SS#5 – We Need To Talk About Afghanistan

August 2021 will be remembered for years to come for one of the greatest betrayals in human history. The premature withdrawal from Afghanistan by coalition forces has effectively pulled the rug from beneath the feet of millions of Afghan citizens striving for a better future.

The NATO coalition led by the USA & keenly supported by the UK, Canada and many others has “aimed to create the conditions whereby the Afghan government could exercise its authority throughout the country”. Upon completion of that mission in late 2014, the Alliance had the sole objective to help the local Afghan population build the infrastructure for a brighter tomorrow (Resolute Support Mission).

These missions have come at great cost for all involved; over 7,000 days elapsed, with the loss of over 240,000 lives including 70,000 civilians. The financial cost is estimated in excess of $2.1tn (£1.5tn).

Political Popularity Trumps Morals

The endeavours of the Western coalition were of course not completely selfless – the rationale for intervening in Afghanistan was linked directly to the Taliban providing refuge and resources to Osama bin Laden and Al-Qaeda in the run up to, and immediately following the 9/11 attacks in the United States.

It was therefore politically convenient at that point in time for the US to announce an invasion of the Taliban controlled territory, made internationally palatable by the presence of allied forces from NATO.

The opinion polls soared for George W Bush with his overall approval ratings hitting 90% in late 2001 & remaining consistently over 80% through 2002. There was a similar story in the UK with parliament overwhelmingly backing Tony Blair in a vote by 317 votes to 13.

Following early successful advances from the Northern Alliance backed by the Allied forces, there came an opportunity to strike a deal with the Taliban; they would surrender on the condition that their leader, Mullah Mohammed Omar could remain in Kandahar under supervision from the appropriate military forces.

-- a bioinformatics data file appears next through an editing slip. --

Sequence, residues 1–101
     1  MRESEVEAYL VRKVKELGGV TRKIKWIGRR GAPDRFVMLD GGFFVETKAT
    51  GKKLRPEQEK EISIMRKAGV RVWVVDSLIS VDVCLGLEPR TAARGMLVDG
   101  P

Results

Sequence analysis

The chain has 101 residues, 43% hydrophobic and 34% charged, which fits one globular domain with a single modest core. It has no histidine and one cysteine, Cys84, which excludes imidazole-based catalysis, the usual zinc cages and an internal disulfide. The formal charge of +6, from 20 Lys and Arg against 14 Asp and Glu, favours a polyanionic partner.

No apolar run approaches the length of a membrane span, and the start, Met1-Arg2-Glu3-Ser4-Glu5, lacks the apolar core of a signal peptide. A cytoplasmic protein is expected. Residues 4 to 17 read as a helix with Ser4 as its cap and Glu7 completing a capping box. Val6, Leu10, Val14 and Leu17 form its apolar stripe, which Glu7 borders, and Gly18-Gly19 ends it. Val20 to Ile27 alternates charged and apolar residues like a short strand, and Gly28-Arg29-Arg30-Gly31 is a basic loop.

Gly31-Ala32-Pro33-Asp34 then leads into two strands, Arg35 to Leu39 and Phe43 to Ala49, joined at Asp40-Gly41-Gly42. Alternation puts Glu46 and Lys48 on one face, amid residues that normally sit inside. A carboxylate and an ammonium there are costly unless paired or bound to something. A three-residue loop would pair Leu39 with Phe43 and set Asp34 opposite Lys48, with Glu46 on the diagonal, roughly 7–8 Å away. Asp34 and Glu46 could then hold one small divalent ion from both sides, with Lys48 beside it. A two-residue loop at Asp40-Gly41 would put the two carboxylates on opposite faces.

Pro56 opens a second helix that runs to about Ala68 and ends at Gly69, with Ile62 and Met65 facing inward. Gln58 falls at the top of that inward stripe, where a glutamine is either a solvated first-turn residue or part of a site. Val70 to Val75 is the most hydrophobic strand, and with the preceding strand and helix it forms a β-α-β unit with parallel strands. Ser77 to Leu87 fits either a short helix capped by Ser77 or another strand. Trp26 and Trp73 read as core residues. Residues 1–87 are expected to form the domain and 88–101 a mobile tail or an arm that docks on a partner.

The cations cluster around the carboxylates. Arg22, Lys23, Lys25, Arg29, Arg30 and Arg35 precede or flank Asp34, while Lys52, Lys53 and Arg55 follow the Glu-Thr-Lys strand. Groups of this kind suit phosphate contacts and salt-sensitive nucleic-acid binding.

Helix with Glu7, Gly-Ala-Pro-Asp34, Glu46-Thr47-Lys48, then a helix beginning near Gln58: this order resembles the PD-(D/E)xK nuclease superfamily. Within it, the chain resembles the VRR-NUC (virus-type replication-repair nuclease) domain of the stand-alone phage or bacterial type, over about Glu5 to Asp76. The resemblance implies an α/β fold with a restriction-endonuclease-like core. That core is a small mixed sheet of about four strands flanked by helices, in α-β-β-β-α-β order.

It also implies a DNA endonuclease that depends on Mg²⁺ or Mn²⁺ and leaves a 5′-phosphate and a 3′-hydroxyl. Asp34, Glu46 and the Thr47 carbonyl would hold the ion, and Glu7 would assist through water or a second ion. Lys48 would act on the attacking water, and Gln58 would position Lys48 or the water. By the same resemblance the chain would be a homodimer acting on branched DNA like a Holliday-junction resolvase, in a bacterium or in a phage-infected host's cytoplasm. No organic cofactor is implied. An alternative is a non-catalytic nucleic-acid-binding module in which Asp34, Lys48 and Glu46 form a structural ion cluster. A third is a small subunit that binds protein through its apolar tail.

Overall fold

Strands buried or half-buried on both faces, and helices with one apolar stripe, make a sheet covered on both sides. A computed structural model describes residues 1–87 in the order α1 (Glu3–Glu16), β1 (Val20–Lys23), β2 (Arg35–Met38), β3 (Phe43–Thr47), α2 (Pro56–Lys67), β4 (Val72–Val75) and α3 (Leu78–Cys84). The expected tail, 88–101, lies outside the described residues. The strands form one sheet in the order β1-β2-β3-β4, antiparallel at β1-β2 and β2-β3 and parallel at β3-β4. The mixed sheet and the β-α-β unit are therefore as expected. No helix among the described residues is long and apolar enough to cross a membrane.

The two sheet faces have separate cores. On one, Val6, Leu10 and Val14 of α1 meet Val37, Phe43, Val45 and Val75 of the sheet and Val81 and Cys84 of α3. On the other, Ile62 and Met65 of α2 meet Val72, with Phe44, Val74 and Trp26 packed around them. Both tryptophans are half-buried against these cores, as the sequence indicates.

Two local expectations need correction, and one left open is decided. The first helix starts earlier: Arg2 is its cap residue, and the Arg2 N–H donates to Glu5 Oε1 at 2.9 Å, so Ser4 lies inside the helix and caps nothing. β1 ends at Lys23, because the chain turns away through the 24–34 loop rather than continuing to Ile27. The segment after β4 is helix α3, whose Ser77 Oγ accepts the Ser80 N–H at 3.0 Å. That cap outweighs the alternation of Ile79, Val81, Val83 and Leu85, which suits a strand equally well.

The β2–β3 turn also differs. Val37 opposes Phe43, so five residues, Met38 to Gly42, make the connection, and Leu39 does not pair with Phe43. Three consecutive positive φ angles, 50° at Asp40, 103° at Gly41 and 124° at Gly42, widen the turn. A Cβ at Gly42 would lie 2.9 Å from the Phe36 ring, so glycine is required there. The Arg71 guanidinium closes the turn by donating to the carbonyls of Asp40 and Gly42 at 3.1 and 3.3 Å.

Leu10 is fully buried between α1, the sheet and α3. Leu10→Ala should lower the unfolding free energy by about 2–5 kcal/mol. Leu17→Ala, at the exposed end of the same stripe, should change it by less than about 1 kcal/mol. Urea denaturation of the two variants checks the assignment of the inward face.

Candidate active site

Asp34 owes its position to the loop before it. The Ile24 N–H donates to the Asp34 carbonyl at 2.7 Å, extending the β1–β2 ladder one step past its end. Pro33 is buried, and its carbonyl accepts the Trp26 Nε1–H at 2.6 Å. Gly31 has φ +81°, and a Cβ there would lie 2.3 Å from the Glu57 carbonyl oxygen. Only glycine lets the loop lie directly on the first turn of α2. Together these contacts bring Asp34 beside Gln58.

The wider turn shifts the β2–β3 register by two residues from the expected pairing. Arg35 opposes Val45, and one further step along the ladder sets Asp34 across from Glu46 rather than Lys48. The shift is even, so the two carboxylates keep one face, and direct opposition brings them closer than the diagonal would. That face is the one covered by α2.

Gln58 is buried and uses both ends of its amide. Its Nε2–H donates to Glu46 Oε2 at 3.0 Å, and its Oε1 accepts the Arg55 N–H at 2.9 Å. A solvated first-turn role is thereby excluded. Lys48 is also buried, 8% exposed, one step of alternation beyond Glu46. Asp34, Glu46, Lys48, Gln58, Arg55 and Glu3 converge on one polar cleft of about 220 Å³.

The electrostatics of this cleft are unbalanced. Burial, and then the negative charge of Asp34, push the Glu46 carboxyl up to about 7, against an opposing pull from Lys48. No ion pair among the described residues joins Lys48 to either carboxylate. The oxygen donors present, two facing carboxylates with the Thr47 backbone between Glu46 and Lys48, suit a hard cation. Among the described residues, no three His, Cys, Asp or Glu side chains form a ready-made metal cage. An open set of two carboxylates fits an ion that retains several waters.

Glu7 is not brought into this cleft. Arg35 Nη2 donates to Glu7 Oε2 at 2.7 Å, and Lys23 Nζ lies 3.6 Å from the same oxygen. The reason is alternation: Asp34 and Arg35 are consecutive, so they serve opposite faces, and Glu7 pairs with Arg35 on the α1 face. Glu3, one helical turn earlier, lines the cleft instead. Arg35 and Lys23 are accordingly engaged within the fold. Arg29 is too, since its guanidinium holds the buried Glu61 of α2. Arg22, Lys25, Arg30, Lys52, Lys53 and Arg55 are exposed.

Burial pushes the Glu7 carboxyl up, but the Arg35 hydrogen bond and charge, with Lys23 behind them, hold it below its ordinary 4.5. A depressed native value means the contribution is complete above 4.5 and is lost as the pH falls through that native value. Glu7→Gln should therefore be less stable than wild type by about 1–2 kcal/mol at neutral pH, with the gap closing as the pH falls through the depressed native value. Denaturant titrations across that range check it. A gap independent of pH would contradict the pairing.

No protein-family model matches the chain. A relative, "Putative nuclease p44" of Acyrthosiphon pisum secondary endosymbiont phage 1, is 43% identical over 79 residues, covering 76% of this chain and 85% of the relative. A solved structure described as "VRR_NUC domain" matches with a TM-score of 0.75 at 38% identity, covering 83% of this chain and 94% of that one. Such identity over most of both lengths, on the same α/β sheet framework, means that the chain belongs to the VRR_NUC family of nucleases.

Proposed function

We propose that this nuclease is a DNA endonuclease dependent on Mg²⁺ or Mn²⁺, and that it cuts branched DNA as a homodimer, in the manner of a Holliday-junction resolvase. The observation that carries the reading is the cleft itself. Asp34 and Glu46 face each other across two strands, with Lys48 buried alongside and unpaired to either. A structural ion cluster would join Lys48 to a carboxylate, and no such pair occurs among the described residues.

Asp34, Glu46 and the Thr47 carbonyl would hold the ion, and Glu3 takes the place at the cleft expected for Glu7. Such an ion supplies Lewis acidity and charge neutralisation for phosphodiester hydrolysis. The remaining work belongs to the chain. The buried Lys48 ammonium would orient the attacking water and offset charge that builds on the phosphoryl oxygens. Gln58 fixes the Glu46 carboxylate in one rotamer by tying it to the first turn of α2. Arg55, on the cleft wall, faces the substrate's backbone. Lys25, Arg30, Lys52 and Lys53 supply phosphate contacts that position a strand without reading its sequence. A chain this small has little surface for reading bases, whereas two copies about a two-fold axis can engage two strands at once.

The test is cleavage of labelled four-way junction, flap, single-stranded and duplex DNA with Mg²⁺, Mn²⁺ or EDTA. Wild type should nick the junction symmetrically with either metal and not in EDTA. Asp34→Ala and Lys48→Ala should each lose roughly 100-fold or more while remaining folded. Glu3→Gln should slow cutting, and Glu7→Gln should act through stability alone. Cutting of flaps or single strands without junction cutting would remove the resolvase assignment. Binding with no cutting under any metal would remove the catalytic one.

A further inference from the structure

However Donald Rumsfeld quickly rejected this offer to effectively end the war before it had gathered momentum. Why? There are many explanations, including;

  • The perception that the offer would result in the leader of the Taliban receiving relatively little punishment. This was politically unpalatable to the Allied forces given the Taliban’s collusion with Osama bin Laden and Al-Qaeda.
  • Defeating the Taliban in such quick time would raise uncomfortable questions about how such a comparatively weak organisations (Taliban & Al-Qaeda) had caused so much damage and destruction on US soil and evaded capture. A longer effort that saw the complete destruction of the Taliban would be a better “show of force” and deterrent.
  • The economic benefits of war would be lost. War drives employment figures up, and also justifies exorbitant amounts of money to be invested in defence budgets and the development of new military technologies. In effect the US (and to a lesser extent their Allies) could make large advances without much scrutiny.
  • “We don’t negotiate with terrorists.”